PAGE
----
United States District Court, D. Nevada
June 11, 2014
BERNABI ISIORDIA BERMUDEZ, Petitioner,
BRIAN WILLIAMS, SR., et al., Respondents.
JENNIFER A. DORSEY, District Judge.
Petitioner has paid the filing fee. The court has reviewed his petition for a writ of habeas corpus pursuant to Rule 4 of the Rules Governing Section 2254 Cases in the United States District Courts. Petitioner will need to show cause why the court should not dismiss this action as untimely.
In state district court, petitioner pleaded guilty to charges that he does not specify in the petition. The state district court entered its judgment of conviction on June 7, 2011. Petitioner did not file a direct appeal.
Petitioner filed a post-conviction habeas corpus petition in state district court on June 12, 2012. The state district court dismissed the petition because it was untimely pursuant to Nev. Rev. Stat. § 34.726. Petitioner appealed. On April 23, 2013, the Nevada Supreme Court affirmed the dismissal for the same reason. Remittitur issued on May 20, 2013.
Petitioner mailed his federal habeas corpus petition to this court on November 27, 2013.
Congress has limited the time in which a person can petition for a writ of habeas corpus pursuant to 28 U.S.C. § 2254:
A 1-year period of limitation shall apply to an application for a writ of habeas corpus by a person in custody pursuant to the judgment of a State court. The limitation period shall run from the latest of-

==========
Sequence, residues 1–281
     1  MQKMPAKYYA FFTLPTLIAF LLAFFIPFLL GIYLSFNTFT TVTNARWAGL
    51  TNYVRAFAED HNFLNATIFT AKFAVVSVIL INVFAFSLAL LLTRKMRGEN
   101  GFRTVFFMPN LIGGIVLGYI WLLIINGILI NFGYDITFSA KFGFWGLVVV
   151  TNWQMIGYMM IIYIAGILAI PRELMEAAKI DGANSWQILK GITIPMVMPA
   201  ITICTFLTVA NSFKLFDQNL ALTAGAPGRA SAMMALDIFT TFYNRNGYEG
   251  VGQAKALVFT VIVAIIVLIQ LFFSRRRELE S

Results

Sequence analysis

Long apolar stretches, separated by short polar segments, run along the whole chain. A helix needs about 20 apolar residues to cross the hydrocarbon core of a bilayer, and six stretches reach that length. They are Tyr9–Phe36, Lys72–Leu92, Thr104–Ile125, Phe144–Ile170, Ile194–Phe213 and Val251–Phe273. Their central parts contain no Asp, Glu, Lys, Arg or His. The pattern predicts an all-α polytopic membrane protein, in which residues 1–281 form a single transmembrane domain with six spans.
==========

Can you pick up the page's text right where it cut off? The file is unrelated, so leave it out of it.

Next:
(A) the date on which the judgment became final by the conclusion of direct review or the expiration of the time for seeking such review;
(B) the date on which the impediment to filing an application created by State action in violation of the Constitution or laws of the United States is removed, if the applicant was prevented from filing by such State action;
(C) the date on which the constitutional right asserted was initially recognized by the Supreme Court, if the right has been newly recognized by the Supreme Court and made retroactively applicable to cases on collateral review; or
(D) the date on which the factual predicate of the claim or claims presented could have been discovered through the exercise of due diligence.
28 U.S.C. § 2244(d)(1). If the judgment is not appealed, then it becomes final thirty days after entry, when the time to appeal to the Nevada Supreme Court has expired. See Gonzalez v. Thaler, 132 S.Ct. 641, 653-54 (2012). See also Nev. R. App. P. 4(b), 26(a). Any time spent pursuing a properly filed application for state post-conviction review or other collateral review does not count toward this one-year limitation period. 28 U.S.C. § 2244(d)(2). The period of limitation resumes when the post-conviction judgment becomes final upon issuance of the remittitur. Jefferson v. Budge, 419 F.3d 1013, 1015 n.2 (9th Cir. 2005). However, an untimely state post-conviction petition is not "properly filed" and does not toll the period of limitation. Pace v. DiGuglielmo, 544 U.S. 408, 417 (2005).